Unraveling the Paradox of Blackmail

48 Pages Posted: 3 Apr 2021

Date Written: January 1, 1984

Abstract

Blackmail is considered paradoxical because you can commit a crime while both your ends and means in isolation are legal. For example, if I threaten to expose a prospective employer’s extramarital affair unless the employer hires me, I have committed blackmail. Yet I have a legal right to expose the affair and a legal right to seek a job that I intend to perform.

After reviewing problems with eight prior theories of blackmail, I offer a new theory. In my view, to get what he wants, the blackmailer uses leverage that is less his than someone else's. Blackmail is thus a way that one person requests something in return for suppressing or settling the actual or potential claims of others. Selling the right to go to the police involves suppressing the state's claim, bargaining with the state's chip. Selling the right to inform the victim of a tort who committed the tort involves suppressing the tort victim's claim. And selling the right to inform others of embarrassing but legal behavior involves suppressing claims belonging to other people, even though those claims may be unredressable in court.

Similarly, noninformational blackmail involves the same misuse of another's power for the blackmailer's own benefit. For example, when a labor leader threatens to cause a strike unless he personally is paid off, he is suppressing the actual or potential claims of others for his own benefit. And when a public official threatens to deny someone a public contract unless he is paid off, once again he is turning group or representative power to his own benefit. Blackmail differs from ordinary bargaining and threats because the leverage used belongs less to the threatener than to a third party.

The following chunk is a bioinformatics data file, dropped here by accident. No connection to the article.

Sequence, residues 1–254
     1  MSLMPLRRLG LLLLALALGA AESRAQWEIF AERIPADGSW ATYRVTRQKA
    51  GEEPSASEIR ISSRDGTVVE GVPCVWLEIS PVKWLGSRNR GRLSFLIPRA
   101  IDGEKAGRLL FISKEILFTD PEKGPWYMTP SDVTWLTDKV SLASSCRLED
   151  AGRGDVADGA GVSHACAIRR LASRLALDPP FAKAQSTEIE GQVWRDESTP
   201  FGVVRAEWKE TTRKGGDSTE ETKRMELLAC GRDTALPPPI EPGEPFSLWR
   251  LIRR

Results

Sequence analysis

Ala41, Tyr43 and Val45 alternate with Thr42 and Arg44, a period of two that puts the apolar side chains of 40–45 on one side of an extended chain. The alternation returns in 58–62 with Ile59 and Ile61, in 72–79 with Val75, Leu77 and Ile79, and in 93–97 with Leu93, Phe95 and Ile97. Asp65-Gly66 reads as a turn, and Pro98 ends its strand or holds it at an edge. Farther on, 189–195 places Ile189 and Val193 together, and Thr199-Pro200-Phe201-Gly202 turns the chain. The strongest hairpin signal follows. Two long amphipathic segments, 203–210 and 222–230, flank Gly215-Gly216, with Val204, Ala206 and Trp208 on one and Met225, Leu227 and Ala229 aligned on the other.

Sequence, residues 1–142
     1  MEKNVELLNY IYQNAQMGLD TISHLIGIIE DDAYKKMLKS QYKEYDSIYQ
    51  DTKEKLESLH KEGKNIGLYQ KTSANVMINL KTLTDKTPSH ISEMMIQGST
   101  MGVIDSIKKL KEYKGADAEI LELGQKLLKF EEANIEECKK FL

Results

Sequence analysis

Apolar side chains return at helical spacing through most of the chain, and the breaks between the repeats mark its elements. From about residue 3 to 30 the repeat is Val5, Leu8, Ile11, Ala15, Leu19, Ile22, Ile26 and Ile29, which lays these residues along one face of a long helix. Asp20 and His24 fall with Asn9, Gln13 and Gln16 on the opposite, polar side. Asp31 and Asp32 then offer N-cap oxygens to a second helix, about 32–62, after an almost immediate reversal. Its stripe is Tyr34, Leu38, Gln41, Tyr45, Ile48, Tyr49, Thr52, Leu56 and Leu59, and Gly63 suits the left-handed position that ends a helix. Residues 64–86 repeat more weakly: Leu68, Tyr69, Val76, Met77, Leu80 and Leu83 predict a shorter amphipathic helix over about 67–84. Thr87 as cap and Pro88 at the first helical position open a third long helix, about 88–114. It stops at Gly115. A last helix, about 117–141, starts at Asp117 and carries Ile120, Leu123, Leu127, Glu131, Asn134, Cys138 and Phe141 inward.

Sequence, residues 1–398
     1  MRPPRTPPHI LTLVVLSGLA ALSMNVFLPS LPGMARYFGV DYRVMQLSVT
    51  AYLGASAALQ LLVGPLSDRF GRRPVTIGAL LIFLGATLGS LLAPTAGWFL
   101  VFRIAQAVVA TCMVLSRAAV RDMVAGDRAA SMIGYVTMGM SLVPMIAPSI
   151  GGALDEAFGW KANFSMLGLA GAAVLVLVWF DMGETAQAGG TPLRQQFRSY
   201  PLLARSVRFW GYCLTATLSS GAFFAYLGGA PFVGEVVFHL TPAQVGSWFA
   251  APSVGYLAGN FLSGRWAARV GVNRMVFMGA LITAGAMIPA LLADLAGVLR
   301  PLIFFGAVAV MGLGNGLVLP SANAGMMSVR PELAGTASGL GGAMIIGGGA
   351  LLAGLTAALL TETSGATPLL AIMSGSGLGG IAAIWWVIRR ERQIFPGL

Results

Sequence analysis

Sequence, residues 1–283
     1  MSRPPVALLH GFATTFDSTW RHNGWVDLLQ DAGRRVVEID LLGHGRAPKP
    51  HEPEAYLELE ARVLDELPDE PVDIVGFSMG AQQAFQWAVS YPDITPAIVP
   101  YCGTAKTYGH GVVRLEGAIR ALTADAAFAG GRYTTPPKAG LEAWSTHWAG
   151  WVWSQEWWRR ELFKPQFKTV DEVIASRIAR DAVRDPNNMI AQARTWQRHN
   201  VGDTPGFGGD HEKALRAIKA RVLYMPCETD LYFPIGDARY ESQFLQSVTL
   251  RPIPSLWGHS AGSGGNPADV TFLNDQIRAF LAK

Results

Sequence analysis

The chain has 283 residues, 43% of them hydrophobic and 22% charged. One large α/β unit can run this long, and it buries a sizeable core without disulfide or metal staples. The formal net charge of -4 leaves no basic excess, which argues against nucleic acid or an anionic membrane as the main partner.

Yet where the leverage used is largely congruent with the threat, blackmail has not occurred. Thus, a tort victim may threaten to expose the circumstances of the tort unless restitution is made. Or a labor leader may threaten to call a strike unless the workers receive higher wages.

Keywords: blackmail; extortion; bribery; coercion; criminal law

JEL Classification: K14

Suggested Citation

Lindgren, James T., Unraveling the Paradox of Blackmail (January 1, 1984). Columbia Law Review, Vol. 84, No. 2, 1984, Available at SSRN: https://ssrn.com/abstract=3331446

James T. Lindgren (Contact Author)

Northwestern University - Pritzker School of Law ( email )

375 E. Chicago Ave
Chicago, IL 60611
United States
773-294-9043 (Phone)

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